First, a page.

So far we’ve gotten our core files synced, our terminal beautiful and customized, and our global package managers installed and running many of our command-line and GUI apps. But we’ve left a littered heap of configuration files laying around and there’s a lot more customization we haven’t even touched.
What are Dotfiles?
If you’re not familiar with the concept of dotfiles, check out Github’s dotfiles page to learn more about them. Essentially, when someone says “dotfiles” they mean maintaining your command-line preferences in a Git repository (sort of like how I use Dropbox to manage my preference files for TextExpander, etc.) that you install on every computer.
The name dotfiles refers to the fact that most of the files that perform this sort of configuration start with a dot. The Zsh configuration file, for example, is
.zshrc. The SSH configuration folder is
.ssh. And on. So the concept of “dotfiles” just means “versioning your configuration files.”
Your dotfiles will help you create powerful and consistent shell shortcuts and functions, settings for your editors, color coding and layouts for your shell, preferences and authentication for ssh and mysql and other protocols, and more.
I recently forked my old Bash dotfiles as a ZSH dotfiles project, but they’re still a bit of a work in progress, so user beware.
NOTE: There are a lot of dotfiles floating around on the Internet. Zack Holman has a well-known collection, as do Paul Irish and Matthias Bynens (all three of these are very Internet-trustworthy, for what that’s worth). Be careful installing dotfiles from a source you don’t trust. Blindly running a dotfiles installer, or even just adding particular config files to your machine, can add some un-safe settings if you don’t understand what you’re doing.
.bash_prompt, etc: These are the configuration files for your shell. From here you can set up aliases (shortcuts), functions, environment variables, and even include other configuration files.
.wgetrc, etc.: These are configuration files for particular command-line programs. You might be setting font information, default connection information, and more.
.gitconfig: Global git configuration
.hushlogin: These are files configuring specific aspects of your connection to the shell and/or the terminal.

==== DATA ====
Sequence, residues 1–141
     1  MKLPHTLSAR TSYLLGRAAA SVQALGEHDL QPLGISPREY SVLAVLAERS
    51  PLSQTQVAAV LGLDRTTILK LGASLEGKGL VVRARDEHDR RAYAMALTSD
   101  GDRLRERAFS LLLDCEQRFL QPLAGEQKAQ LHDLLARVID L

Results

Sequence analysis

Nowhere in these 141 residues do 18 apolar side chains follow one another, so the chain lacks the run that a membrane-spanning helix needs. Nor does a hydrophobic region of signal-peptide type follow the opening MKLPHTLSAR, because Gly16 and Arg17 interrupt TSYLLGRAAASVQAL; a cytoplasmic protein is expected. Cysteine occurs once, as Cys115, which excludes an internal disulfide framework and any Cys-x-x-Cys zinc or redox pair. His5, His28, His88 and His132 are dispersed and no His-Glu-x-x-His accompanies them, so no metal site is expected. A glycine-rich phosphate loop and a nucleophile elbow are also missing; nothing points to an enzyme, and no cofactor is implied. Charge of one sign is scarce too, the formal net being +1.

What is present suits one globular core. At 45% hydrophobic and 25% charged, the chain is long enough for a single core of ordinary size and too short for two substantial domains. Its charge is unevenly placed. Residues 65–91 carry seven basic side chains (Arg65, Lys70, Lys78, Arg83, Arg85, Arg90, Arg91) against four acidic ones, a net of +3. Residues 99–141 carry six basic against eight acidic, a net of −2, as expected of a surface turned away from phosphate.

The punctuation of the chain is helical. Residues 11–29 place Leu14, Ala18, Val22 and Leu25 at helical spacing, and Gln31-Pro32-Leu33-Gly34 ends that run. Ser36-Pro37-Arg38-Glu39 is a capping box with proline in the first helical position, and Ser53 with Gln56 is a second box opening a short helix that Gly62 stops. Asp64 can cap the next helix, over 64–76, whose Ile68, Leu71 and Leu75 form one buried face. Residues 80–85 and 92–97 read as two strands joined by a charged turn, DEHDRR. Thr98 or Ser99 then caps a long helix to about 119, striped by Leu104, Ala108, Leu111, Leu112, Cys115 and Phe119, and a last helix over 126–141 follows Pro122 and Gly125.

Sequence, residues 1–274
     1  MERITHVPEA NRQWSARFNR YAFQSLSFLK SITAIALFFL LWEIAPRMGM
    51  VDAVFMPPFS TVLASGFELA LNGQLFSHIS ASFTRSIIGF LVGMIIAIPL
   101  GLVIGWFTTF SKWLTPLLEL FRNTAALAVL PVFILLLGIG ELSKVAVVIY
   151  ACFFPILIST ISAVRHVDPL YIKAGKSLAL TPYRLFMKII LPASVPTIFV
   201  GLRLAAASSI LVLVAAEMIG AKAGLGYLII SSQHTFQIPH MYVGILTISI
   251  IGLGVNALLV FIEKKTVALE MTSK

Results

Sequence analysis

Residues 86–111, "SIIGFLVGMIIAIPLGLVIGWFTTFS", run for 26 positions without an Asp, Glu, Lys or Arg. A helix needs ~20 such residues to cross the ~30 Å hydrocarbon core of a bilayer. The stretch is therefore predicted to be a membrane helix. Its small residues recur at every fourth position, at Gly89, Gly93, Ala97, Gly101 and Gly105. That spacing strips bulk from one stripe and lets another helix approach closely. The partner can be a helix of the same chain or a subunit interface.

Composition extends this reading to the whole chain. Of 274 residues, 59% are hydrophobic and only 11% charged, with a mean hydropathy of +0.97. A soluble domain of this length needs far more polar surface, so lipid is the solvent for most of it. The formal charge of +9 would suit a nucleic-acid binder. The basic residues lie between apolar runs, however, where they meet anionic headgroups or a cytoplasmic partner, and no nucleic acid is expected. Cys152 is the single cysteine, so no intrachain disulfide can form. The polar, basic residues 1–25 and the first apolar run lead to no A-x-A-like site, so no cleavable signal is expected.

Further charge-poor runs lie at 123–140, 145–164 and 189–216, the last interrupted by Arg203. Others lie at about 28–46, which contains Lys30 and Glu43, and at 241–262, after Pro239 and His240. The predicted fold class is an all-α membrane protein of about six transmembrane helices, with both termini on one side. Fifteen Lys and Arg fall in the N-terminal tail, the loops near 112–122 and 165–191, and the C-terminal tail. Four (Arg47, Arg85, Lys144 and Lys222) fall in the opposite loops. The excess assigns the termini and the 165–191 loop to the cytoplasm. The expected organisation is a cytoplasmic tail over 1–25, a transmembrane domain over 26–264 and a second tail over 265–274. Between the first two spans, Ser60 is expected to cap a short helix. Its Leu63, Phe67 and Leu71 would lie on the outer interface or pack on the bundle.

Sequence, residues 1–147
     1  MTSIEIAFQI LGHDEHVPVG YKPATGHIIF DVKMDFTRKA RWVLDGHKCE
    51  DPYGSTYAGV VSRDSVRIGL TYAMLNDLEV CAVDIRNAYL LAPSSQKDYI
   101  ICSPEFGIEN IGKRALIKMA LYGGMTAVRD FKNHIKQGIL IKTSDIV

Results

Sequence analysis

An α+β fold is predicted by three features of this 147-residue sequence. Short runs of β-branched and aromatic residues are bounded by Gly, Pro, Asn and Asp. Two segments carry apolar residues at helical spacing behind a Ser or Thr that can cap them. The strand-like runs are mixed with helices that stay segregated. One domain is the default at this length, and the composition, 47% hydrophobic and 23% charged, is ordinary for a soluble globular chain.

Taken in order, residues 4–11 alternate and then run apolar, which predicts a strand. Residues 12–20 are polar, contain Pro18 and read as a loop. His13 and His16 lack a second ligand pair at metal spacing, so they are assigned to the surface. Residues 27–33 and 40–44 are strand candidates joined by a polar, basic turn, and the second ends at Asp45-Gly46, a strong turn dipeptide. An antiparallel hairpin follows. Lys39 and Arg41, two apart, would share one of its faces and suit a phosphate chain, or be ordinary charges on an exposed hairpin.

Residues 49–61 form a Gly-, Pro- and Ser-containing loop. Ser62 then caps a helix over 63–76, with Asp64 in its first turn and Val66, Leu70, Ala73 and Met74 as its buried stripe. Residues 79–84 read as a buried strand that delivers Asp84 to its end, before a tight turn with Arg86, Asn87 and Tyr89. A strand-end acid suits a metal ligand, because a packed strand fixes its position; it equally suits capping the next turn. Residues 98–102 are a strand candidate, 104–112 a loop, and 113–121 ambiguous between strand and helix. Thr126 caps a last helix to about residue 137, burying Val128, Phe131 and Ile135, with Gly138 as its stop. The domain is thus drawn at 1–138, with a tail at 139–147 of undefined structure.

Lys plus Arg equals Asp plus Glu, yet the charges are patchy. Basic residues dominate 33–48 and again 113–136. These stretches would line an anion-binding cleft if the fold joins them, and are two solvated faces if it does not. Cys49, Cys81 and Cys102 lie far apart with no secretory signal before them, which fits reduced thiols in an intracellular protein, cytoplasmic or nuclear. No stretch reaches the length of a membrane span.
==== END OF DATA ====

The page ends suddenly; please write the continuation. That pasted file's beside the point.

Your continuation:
Depending on the dotfiles repository you’re using (or if you’re just managing it on your own), there are many different options for configuring and managing your dotfiles’ installation process.
Any dotfiles repo will expect you to clone the dotfiles repo to your local computer (I do mine at ~/.dotfiles) and then use any method to copy or link those files down into your root directory.
Paul Irish/Mathias Bynens’ dotfiles (which mine are branched from) use a script that copies the dotfiles from your dotfiles repo. I actually think this isn’t a great idea, because it makes making and syncing changes with the repo a pain. I much prefer Zack Holman’s method, which symlinks the files instead, allowing you to git pull and watch your dotfiles instantly update.
You can also manually copy files from your dotfiles directory to your root, or you can use one of several dotfiles maintenance apps–I don’t have any experience with them, but a friend whom I trust recommended rcm, so I’ll probably be trying that out soon, too.
Tweaking your dotfiles after installation
No matter where you got your dotfiles from, they’re not unchangeable rules. They’re just suggestions. I suggest that if you get someone else’s dotfiles repo, you start by reading through every file and understand what they’re doing–and disabling anything you don’t like.
If you want to make a change later, just go to your home directory and edit those files. If you want to save your changes, and you’re working from someone else’s repo, fork that repo and clone the forked version instead. That way you can make your changes, and (if you’re symlinked, simply, and if you’re not symlinked, with a wee bit of work) push your changes back up to your repo. Want to learn more? Check out Zack Holman’s excellent post Dotfiles Are Meant to Be Forked.
Which to fork?
After talking up Zach Holman’s dotfiles so much, I hope you’ll consider checking them out. But–they weren’t around when I really started digging into dotfiles, so I have my own, somewhat less modern set of dotfiles. I did update them a bit this week, but they’re still based on copying instead of symlinking, etc. Check both out (Zack’s | Mine) and pick those which you think are best. FYI, my next free weekend will be trying out Zack’s, so mine might be on their way to the graveyard soon.